Tuesday, August 7, 2012

'Delroy in the Marog Kingdom' at the Granville Reading Program

This is a follow-up to the guest blog with Natalie Bennett on the Summer Reading and Arts Program. On July 23, I went with  friends and family to the Granville Community Centre, where we were warmly greeted by Jakki Strong-Rhoden, the co-ordinator of the program. She suggested that we start by gathering a group of children around each of us at different tables and  read age-appropriate material to them.  We observed some of the problems Natalie mentioned, especially the inattention and tendency for the children to get confrontational with each other.
   After about half an hour, most of the children enrolled in the program had arrived, so it was time for me to read from Delroy and the Marog Kingdom. This story is actually intended for 9-13 year-olds, so I was not expecting the younger ones to concentrate for long. However, as I began by introducing them to the frog who says "Ribbit, ribbit" and asking if frogs could talk, in order to explain that this story is not only fiction, but is also fantasy, their attention was engaged. Then an 11-year-old boy, acting as Delroy, put the frog in the pot and another boy, acting as Mario, clamped on the lid. Acting as Delroy's mama, I screamed when I opened the pot and saw the frog. I also read from the chapter 'River Mumma' and of Delroy's conversion into a marog (a type of frog). I hope that the parts of the story I read were enough to motivate the older children to read the whole story for themselves.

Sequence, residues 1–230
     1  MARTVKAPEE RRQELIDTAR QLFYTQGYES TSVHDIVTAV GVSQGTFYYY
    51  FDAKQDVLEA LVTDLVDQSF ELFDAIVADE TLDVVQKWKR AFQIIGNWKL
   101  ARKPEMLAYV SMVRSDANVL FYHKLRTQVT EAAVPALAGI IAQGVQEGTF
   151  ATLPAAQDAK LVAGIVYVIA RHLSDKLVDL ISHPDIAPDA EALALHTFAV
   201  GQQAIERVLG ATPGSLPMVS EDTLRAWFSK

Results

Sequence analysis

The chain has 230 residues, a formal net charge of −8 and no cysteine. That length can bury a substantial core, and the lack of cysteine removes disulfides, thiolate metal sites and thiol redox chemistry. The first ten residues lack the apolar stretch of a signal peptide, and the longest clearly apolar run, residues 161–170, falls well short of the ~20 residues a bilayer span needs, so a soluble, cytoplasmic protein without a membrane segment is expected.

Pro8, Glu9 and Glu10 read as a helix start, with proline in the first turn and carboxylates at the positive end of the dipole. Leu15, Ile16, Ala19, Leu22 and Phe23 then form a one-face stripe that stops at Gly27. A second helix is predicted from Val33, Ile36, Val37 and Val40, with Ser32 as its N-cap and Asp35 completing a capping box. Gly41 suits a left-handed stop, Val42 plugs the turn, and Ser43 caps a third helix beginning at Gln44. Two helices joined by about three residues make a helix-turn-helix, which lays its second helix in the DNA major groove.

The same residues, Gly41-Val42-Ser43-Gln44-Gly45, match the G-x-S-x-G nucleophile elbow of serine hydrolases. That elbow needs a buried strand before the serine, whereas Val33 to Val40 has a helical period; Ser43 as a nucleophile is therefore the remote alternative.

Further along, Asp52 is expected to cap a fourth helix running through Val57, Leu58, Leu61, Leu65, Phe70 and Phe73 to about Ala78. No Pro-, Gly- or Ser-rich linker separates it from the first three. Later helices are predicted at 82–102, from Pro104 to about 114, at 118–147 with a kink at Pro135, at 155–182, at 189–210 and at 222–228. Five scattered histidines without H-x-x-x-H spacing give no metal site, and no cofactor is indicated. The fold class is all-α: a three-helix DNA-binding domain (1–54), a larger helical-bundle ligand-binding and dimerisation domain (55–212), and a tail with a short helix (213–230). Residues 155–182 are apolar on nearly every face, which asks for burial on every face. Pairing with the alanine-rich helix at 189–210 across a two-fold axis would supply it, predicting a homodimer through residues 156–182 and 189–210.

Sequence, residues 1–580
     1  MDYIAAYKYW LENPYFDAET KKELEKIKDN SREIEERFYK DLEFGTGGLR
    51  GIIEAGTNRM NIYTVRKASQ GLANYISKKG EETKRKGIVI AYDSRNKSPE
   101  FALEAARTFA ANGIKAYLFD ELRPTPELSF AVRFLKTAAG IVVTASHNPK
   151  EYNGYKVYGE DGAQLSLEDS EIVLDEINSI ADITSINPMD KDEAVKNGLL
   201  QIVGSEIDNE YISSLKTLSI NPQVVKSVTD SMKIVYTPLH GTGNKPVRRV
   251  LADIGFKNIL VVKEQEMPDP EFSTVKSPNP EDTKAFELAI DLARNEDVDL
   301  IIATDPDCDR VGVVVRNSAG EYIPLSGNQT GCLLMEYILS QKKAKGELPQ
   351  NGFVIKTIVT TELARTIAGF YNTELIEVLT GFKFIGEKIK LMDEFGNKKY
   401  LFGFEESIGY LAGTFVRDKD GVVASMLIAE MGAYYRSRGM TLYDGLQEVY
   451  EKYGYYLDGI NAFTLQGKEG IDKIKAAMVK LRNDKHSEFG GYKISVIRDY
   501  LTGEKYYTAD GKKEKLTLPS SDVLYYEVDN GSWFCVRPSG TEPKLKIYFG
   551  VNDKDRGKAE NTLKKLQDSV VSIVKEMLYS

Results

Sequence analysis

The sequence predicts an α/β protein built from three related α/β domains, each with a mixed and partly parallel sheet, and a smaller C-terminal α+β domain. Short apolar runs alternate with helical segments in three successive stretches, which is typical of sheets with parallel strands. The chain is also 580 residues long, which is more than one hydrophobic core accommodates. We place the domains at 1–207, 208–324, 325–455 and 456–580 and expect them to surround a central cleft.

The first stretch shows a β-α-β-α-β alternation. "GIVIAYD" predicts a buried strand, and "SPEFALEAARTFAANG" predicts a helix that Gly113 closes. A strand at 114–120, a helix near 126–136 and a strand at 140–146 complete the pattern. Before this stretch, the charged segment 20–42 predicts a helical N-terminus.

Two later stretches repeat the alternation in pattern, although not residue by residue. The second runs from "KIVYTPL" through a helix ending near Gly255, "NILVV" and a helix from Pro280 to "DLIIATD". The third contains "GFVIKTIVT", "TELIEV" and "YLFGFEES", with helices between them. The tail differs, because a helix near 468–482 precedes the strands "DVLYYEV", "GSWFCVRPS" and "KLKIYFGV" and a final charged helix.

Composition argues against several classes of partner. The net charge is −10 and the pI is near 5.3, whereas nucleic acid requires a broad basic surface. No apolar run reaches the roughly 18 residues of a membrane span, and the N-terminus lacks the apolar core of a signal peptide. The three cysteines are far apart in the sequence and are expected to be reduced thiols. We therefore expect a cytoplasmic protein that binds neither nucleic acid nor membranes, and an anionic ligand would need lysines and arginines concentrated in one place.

Presenting a copy of my book to Jakki

Thanks to Dr. Doris Channer-Watson, who, in addition to buying a copy of Delroy in the Marog Kingdom, paid for a copy to be given to a worthy recipient, I was able to donate it to the Granville Summer Programme. People have suggested to me that I should donate copies of my book to schools. I would love to be able to do this, but I cannot afford to, as I myself have to purchase them. I do not have a stack of free books to give away! When you buy a book, the author receives only a small percentage. The rest goes to the publisher, who has paid for the cover design, editing, typesetting, printing, shipping and warehousing; and to the bookshops who have all their overheads to cover. Neither the publisher, nor author nor bookshop can afford to give away books, unless it is for promotional purposes, from which they expect to get some returns.  However, if anyone reading this post would like to purchase a copy of my book to be given to a school, I would be happy to read to the children from my book at the same time as it is presented to the school.

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